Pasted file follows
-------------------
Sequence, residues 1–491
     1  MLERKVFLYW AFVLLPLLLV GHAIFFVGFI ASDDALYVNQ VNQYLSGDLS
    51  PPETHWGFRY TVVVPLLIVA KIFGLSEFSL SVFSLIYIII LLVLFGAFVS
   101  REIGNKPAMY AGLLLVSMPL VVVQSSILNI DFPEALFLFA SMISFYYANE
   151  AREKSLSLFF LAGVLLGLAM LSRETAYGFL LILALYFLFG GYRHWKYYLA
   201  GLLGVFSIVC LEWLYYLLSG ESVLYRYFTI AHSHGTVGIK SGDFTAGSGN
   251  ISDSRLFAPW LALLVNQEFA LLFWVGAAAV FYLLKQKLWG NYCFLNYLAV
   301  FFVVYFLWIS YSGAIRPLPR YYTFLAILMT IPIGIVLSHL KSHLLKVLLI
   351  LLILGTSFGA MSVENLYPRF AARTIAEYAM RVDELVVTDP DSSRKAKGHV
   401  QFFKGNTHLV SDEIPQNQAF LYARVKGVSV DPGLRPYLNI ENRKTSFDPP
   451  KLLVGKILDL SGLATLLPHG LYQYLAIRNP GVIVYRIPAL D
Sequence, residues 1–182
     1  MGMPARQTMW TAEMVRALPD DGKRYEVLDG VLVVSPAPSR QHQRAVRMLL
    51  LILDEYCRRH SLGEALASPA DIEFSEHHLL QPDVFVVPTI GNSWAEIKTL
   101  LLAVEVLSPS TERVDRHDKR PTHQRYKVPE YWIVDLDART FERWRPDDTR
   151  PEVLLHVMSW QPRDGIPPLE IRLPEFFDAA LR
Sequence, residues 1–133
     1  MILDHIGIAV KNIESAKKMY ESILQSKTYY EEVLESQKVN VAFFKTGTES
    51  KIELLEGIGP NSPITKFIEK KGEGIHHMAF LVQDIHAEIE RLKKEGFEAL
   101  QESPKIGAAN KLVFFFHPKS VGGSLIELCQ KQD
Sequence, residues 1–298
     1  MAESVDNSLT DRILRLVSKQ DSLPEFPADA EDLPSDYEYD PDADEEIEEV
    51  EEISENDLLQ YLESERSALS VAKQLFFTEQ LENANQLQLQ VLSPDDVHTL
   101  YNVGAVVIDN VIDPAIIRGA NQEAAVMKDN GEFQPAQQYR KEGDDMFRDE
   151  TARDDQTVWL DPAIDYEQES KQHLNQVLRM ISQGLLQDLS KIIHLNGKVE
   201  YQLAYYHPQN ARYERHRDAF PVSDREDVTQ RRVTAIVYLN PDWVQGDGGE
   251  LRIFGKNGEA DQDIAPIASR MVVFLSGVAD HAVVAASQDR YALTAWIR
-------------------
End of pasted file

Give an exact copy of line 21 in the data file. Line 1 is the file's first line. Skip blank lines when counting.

Sequence, residues 1–298